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Digital or Digital via Film

Discussion in 'Open Discussion' started by BobBill, Dec 16, 2013.

  1. BobBill

    BobBill Mu-43 Veteran

    261
    Dec 29, 2010
    MN USA
    Bob Hively-Johnson
    I have been shooting digital for a couple years or so and engaged the medium's obvious advantages...which to me is mostly no film worries (convenience).

    My most-used cameras are the Pens and a small Lumix point and shoot that is waterproof etc/convenient sailing etc.

    But, on the other hand, when I get into the art of photography, I remain a film guy, and use my trusty F2A (PH11) and develop the film, and then scan it.

    It seems the scanned film remains the superior end product, the drag being camera weight and fewer options at shutter press and weight.

    I must add that most, if not all, of my serious attempts are with B/W film...but there are those color moments...

    I may go back to film, with all its fiddling, and wonder if others here or elsewhere have found themselves in a similar conundrum?
     
  2. Nathan King

    Nathan King Mu-43 Regular

    103
    Jun 19, 2013
    Omaha, NE
    I have had a pro lab scan my black and white 6x7 medium format negatives to 18 megapixels. I have had some of the scans printed but prefer the look I get from my silver gelatin prints on an enlarger. Of course, I would kill to be able to do in the darkroom what I can do with the scans in Photoshop!

    There is A HUGE range of tonality in a negative (look at them under a loupe on a light table); however, that range is larger than even high end fine art papers, so not all of them will always print with adequate tonal separation. I can really nail the exposure with my Seikonic one degree spot meter and can judge if I'll need to modify development to retain as much highlight and shadow detail as I can, which is considerably more than my E-M5. For me, its not a conundrum, I do prefer film and use my Mamiya 645 and RZ67 more often than my E-M5.
     
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  3. speedandstyle

    speedandstyle Mu-43 Hall of Famer

    I have been tempted multiple times to go back and shoot a roll but haven't since I went digital years ago. I always wanted to try medium format but the cost was beyond me. The low prices on good used Mamiya and Bronica equipment is tempting me again. I wouldn't use it a lot but for those special times it would be nice. Of coarse I would have my film scanned because I refuse to give up digital editing of my images.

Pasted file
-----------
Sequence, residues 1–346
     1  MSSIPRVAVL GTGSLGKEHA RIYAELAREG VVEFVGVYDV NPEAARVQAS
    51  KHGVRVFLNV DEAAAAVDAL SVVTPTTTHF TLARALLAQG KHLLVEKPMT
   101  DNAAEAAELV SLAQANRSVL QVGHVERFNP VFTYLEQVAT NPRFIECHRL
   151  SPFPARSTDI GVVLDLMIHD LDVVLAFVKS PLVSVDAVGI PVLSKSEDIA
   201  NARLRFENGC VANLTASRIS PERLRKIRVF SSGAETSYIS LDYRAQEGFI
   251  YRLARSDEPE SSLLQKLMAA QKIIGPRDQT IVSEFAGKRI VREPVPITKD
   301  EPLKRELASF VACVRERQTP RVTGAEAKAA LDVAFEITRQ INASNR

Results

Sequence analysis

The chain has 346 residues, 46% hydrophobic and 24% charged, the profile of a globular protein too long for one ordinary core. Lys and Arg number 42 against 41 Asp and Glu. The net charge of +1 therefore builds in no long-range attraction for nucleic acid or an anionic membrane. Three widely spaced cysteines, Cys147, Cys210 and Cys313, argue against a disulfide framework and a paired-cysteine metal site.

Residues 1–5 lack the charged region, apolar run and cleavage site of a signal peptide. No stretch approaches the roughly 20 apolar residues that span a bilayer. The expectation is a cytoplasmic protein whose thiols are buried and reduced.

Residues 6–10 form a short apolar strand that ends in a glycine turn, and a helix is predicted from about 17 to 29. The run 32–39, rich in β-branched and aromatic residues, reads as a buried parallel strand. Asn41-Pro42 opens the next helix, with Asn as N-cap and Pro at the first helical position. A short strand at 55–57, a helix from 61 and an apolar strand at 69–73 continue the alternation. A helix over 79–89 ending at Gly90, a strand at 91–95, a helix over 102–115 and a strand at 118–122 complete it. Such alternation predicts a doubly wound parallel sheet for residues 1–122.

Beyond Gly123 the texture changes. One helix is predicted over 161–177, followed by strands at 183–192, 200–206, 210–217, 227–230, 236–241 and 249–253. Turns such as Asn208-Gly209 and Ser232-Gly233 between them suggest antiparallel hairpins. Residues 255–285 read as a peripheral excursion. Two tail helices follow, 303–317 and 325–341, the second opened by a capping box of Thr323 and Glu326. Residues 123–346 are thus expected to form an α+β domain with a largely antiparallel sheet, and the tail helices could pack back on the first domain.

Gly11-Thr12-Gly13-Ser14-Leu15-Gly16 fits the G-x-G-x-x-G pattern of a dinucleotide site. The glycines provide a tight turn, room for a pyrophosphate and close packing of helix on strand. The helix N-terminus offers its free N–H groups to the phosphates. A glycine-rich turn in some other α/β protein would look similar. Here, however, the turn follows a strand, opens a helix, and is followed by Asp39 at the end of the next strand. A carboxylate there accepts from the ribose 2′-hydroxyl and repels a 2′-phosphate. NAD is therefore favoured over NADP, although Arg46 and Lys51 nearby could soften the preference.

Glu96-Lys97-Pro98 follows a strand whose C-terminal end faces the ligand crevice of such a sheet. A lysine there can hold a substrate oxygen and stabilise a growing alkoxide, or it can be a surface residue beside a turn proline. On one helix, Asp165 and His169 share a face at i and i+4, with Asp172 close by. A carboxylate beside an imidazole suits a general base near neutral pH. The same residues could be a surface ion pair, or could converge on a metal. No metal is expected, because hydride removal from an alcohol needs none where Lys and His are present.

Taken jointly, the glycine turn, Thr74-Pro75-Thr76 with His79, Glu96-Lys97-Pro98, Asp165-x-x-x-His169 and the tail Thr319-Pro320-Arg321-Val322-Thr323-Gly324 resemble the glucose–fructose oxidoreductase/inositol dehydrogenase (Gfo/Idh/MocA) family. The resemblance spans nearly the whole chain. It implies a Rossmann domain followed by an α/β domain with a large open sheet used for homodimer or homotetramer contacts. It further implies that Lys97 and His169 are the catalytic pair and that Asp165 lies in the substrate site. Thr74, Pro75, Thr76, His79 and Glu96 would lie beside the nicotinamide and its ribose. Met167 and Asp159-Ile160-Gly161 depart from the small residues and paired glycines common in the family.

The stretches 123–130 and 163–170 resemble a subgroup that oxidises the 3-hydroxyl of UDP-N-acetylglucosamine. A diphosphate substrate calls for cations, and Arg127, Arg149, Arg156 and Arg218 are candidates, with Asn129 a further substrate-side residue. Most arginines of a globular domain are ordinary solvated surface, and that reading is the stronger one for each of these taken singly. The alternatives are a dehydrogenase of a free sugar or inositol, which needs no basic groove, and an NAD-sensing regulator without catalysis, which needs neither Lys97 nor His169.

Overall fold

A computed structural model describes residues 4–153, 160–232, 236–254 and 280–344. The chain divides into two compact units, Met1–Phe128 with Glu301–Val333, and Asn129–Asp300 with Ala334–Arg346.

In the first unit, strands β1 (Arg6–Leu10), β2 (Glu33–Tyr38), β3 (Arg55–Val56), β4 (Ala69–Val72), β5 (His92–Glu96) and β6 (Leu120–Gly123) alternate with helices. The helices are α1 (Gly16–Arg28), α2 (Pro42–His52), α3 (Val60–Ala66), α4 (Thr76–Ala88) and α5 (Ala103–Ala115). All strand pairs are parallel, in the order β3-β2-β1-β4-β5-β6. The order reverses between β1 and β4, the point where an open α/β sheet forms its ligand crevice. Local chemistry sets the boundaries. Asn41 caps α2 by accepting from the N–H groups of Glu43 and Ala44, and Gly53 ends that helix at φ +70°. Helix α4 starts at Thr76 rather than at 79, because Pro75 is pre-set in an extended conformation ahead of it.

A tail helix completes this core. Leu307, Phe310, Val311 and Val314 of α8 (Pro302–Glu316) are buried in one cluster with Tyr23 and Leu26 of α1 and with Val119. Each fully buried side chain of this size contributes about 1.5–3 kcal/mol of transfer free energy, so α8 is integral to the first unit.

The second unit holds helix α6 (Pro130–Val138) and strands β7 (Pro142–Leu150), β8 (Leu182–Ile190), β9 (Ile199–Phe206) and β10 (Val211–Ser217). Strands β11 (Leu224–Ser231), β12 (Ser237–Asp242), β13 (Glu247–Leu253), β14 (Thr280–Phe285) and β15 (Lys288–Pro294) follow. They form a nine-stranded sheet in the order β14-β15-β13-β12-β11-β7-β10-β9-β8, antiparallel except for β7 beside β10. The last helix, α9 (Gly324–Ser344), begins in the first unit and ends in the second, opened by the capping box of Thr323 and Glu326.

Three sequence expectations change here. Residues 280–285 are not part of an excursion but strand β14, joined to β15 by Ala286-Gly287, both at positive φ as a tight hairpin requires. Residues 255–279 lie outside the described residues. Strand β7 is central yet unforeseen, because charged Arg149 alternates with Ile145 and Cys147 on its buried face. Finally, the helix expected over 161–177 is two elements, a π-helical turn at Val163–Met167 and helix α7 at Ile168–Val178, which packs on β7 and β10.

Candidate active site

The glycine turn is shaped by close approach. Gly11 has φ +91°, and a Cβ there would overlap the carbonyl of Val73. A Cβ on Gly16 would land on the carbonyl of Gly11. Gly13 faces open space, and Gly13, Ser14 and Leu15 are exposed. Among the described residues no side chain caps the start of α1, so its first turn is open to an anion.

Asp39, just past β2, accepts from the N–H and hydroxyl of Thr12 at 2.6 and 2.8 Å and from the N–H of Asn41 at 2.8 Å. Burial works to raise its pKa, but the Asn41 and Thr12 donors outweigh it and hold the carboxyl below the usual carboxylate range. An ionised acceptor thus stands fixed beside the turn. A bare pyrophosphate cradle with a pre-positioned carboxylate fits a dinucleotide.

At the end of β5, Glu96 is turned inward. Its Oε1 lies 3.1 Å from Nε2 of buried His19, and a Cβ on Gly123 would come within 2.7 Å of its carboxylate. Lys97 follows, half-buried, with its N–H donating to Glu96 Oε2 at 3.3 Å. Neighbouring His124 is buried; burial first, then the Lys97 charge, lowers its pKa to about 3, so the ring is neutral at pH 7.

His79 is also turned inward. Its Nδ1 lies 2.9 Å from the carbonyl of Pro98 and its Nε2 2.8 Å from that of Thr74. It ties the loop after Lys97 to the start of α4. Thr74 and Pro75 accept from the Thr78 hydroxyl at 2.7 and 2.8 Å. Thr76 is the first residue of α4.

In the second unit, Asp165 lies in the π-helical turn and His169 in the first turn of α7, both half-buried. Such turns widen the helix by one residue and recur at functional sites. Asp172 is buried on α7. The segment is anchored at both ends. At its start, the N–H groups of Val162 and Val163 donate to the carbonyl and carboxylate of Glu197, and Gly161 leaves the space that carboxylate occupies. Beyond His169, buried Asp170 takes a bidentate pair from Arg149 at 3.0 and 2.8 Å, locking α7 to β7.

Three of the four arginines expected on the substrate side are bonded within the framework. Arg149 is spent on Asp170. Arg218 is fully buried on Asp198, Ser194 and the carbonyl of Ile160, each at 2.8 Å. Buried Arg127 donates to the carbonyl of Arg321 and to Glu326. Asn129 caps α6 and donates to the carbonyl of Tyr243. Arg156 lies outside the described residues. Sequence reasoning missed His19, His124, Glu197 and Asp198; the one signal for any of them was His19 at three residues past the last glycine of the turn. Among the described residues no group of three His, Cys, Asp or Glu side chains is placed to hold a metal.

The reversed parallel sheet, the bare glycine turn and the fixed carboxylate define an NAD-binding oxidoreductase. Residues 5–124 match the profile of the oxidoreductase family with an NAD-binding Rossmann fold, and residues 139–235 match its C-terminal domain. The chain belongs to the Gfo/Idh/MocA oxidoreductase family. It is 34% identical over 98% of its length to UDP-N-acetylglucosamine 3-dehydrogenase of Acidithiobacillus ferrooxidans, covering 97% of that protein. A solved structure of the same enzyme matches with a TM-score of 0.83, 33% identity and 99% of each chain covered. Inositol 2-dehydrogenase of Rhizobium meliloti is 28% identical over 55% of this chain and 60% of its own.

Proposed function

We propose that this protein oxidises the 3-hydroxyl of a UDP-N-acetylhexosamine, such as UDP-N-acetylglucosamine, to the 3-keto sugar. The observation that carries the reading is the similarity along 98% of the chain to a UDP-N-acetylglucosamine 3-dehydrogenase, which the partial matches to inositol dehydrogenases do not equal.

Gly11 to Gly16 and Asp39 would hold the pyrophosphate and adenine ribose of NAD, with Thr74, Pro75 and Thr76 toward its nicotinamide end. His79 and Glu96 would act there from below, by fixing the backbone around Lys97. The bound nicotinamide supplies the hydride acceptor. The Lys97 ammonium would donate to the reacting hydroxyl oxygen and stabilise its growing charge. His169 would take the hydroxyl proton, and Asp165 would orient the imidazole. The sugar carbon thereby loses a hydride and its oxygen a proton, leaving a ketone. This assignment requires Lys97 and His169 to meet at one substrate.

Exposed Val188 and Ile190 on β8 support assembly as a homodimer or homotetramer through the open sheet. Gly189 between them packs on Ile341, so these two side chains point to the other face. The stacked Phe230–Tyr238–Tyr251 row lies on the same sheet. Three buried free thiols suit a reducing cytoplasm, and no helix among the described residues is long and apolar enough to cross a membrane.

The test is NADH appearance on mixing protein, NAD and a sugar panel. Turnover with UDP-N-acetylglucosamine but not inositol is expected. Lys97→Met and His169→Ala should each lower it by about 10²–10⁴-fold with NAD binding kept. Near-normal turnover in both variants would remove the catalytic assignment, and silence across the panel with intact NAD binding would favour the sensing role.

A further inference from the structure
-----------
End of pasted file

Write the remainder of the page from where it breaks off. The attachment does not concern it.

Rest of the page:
I have been reading on what resolution film would equate to and there are way too many theories. I have yet to find a truly scientific and reliable source. Some argue that the average 35mm film would be between a 20 and 30 MP sensor and others argue as high as 100+ MP. Of coarse the way they work is very different and each has advantages and disadvantages. Anybody have a link to a reliable source on this?
     
  4. Jeff1:1

    Jeff1:1 Mu-43 Regular

    70
    Dec 2, 2013
    Chicago
    After trying DXO Film Pack and other software manipulations, I have hard time finishing 3 rolls VS100 35mm film I have left. Maybe medium format gives bigger difference, but I can't justify expense of another system & processing cost for half dozen rolls per year.
     
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  5. phigmov

    phigmov Mu-43 Hall of Famer

    Apr 4, 2010
    Caught this on Peta-Pixel yesterday and thought it was pretty interesting - not in a 'this is better than that' way but more in a 'interesting rendering differences' way

    [video=youtube;WiwsOaDBZkQ]https://www.youtube.com/watch?v=WiwsOaDBZkQ[/video]
     
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  6. Just Jim

    Just Jim Mu-43 Top Veteran

    941
    Oct 20, 2011
    I prefer film as it allows the best of both worlds. Ilford's delta 100, or ilford 400 (I use 4x5) scanned in and PS'd to my heart's delight is a hard combo to beat. No need to be a purist, imo. Even Fuji's insant film at 3200 is pretty fantastic. You can print them out as a 8x10 digital negs and get some real impressive contact prints. If I had a larger contact frame I'd print larger, but its a ton of fun. Big negs have ALOT of range in PS. Especially with multiple scans. Lots of crazy tricks

    Lately I've been wanting an 8x10 to get into contact printing those negs, but that would just be a ridiculous luxury.

    OMG, that video... the idea of doing that kind if thing with film seems insane though...